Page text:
Separate for a Reason
The crucial line separating church and state was blurred last week in Missouri when Pope John Paul II came to St. Louis to preach against the death penalty and Missouri Governor Mel Carnahan listened too carefully, commuting the death sentence of triple murderer Darrell J. Mease.
While I am deeply opposed to capital punishment and thus pleased that one fewer inmate (however deserving of the penalty he may appear to be) will be executed as a result of the Pope's intervention, this whole story leaves me a little queasy. It brings religion and politics in this country a little too close together for comfort. Here's the thing: Carnahan still supports the death penalty and has signed off on 26 execution orders since becoming governor in 1993.
The Pope's plea didn't change Carnahan's mind on any philosophical level, just on a particular one: On this day, regarding this criminal, he'd make an exception because the Pope was so persuasive. How does that work out? It's Carnahan's prerogative to change his mind, I suppose, but shouldn't he base that change of mind on new legal evidence brought up on appeal or a basic reversal of philosophy regarding capital punishment, not on the admittedly convincing words of the leader of the Catholic Church? Of course, there is always the question of whether the many Catholic voters in Missouri will remember this one-time acquiescence to a papal request favorably come election time. The governor can probably count.
Meanwhile, back on the East Coast, it seems that a majority of American women might also have their erasers at the ready to continue the blurring of the line between church and state. In a survey of 1,000 women taken by Princeton Research Associates on behalf of the Center for Gender Equality, 76 percent said that they believe religious leaders and groups have a "somewhat" or "very positive" effect on the country. 50 percent said they felt "religion and politics shouldn't mix," down from 63 percent who felt that way when a similar survey was taken in 1992. Fifty-three percent were in favor of strict limits on abortion (i.e., unless it was a case of rape, incest or saving the mother's life), up from 45 percent in a poll done two years ago. Perhaps most disturbingly to those of us with a liberal-minded bent, 2 out of 3 respondents thought the Christian Coalition's agenda had a positive impact on the lives of women.
The simplest response to this poll is that the 1000 women surveyed are not representative of the mood of the entire female population of the country. I really want to believe that. But for the sake of argument, let's imagine that this poll does represent a shifting attitude on the part of women towards religious influence on political life in America. Let's imagine that there really are lots of people who watch "Touched by an Angel" every week. It's time to start paying attention to that shifting attitude.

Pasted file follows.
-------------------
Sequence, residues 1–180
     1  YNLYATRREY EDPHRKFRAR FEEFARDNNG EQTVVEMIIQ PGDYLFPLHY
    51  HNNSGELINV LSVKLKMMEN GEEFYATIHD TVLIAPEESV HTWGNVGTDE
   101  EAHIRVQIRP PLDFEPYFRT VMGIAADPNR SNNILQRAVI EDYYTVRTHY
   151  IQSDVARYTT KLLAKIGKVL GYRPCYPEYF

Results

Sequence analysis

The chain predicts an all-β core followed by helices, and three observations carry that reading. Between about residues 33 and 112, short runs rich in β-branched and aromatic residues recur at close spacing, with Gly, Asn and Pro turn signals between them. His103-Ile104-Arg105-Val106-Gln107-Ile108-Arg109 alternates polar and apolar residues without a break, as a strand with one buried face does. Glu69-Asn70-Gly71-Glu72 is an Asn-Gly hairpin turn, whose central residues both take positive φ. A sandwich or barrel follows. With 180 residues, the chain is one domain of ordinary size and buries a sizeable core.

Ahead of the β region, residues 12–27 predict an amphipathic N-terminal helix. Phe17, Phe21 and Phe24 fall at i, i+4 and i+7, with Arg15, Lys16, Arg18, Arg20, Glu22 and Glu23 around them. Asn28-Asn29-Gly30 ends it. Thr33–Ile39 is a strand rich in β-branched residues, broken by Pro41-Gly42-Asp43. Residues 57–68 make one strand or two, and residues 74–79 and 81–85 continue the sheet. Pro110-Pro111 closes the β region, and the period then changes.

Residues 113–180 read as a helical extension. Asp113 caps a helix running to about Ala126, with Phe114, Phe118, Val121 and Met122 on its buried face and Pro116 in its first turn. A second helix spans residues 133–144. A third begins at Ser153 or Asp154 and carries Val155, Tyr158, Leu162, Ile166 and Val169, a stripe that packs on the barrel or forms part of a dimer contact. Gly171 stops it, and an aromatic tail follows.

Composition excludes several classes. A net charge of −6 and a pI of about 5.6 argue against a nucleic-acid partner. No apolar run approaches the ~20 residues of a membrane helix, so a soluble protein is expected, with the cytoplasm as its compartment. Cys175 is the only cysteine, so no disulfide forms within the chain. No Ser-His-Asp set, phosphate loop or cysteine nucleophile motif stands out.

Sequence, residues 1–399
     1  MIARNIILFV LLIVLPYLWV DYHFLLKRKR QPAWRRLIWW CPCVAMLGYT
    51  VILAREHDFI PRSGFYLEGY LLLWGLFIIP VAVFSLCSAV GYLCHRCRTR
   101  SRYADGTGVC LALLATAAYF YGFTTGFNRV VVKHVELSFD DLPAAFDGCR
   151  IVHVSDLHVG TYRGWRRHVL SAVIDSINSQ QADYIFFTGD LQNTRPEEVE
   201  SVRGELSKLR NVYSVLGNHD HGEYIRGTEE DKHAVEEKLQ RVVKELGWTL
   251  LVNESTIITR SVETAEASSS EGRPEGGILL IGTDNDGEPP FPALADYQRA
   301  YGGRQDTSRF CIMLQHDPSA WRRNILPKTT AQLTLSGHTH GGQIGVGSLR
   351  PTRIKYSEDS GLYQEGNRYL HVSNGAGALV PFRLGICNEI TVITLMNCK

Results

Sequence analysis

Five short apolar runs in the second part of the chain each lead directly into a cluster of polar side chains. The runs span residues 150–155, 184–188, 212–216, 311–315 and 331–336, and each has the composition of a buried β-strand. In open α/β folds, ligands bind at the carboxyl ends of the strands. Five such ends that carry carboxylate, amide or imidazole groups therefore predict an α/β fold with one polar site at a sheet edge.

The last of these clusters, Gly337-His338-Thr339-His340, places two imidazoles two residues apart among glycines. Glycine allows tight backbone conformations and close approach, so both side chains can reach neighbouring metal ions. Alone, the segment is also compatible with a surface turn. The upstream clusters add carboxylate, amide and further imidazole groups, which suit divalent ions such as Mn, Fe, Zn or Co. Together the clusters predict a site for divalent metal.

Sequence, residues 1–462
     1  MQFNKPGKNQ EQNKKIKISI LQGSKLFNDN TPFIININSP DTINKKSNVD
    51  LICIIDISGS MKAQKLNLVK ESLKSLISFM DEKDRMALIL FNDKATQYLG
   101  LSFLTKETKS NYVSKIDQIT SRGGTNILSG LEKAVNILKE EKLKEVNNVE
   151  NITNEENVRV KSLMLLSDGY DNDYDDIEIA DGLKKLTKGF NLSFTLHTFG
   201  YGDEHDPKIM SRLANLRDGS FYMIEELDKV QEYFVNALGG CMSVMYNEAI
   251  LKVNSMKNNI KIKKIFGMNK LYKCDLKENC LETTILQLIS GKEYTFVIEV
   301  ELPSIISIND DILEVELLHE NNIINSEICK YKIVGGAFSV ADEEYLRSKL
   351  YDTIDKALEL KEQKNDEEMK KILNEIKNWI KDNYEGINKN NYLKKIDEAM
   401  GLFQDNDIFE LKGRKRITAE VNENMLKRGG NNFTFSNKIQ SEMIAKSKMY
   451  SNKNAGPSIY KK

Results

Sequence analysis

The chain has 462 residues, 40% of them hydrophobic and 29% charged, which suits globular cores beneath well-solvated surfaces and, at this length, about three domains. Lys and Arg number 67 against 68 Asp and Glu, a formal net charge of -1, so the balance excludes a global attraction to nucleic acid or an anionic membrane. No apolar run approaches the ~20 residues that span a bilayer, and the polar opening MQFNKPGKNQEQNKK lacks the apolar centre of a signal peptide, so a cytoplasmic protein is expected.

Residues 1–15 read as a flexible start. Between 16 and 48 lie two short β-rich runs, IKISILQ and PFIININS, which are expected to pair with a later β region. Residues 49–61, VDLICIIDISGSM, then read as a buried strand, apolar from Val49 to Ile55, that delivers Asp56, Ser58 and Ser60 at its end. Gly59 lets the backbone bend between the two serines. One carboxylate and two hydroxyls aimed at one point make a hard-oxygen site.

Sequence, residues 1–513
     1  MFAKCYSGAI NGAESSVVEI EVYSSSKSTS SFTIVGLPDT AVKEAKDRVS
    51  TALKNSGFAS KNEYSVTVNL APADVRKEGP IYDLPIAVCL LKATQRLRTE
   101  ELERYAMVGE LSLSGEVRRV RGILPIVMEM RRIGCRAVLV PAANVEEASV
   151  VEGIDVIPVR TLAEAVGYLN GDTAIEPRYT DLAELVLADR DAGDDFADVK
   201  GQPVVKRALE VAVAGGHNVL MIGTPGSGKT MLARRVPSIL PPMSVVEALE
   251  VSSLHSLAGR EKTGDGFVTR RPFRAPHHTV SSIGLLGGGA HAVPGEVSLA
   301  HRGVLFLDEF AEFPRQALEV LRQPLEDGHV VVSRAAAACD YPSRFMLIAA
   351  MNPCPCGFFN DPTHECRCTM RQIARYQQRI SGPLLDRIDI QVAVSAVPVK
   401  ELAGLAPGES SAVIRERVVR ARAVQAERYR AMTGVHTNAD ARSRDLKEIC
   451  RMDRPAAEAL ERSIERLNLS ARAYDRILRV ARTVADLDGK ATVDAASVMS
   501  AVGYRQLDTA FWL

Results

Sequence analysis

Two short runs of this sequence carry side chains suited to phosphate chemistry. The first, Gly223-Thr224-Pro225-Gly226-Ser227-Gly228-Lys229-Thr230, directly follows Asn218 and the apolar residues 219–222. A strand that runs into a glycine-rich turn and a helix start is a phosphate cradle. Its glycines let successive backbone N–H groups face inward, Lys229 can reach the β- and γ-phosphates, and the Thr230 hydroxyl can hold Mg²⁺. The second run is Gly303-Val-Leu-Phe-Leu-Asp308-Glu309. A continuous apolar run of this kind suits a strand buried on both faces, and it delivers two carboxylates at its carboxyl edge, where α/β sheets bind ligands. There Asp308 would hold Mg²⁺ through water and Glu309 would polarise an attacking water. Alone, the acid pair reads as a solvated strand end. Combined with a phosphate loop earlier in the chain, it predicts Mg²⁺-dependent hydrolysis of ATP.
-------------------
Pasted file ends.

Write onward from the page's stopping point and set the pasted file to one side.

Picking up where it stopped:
The numbers on abortion are most troublesome on an immediate level, for as popular opinion begins to turn away from the principle of allowing women free and legal access to abortion without restriction, the easier it will be for conservatives in Congress to push legislation putting ever-tighter regulations on the procedure.
Furthermore, as The Crimson noted on this page in January, now is the time when vocal support for freedom of choice is more important than ever. The number of abortion providers in America has plummeted and continues to fall as more doctors become targets of extremist pro-life organizations. (Tuesday's huge punitive decision in Oregon against the creators of the "Nuremberg Files" Web site, which posts a "wanted list" of abortionists, is one sign that the courts are beginning to take action, though the judgment will most likely be overturned due to First Amendment considerations.)
But the more general statistics reveal a startling complacency with the blurring of the line between church and state and, more than that, the erasing of the line of separation so that religious influence on political life (which has always existed on the perimeters) will become a mainstream expectation. Gary Bauer of the Family Research Council may run for President. Dan Quayle has already announced that a main plank of his presidential platform will be the ever-popular--and incredibly vague--"family values." When he used that phrase in reference to "Murphy Brown" in 1992, many of us recoiled at the thought of such an issue taking center stage in our political debate. Now, he's returning to it in triumph. Though I don't mean to suggest for a minute that either one of these conservative members of the Republican party will end up as the presidential nominee, it's nonetheless necessary to understand the implications of their campaign rhetoric.
The Pope's intervention in the Missouri death row case was to be expected--John Paul II has made opposition to the death penalty one of his priorities during his tenure--and the sentiment was admirable. But the Pope also opposes abortion and is at best weak in his support of the rights of women and gays. Gov. Carnahan made the wrong decision as a politician when he allowed himself to be influenced by a religious leader instead of by legal argument or genuine moral reversal. As a country, we'll be making the wrong decision if we allow the trend shown in the Princeton poll to continue. Church and state are separated with good reason--and women should know that better than anyone.
Susannah B. Tobin '00 is a classics concentrator in Lowell House. Her column appears on alternate Thursdays.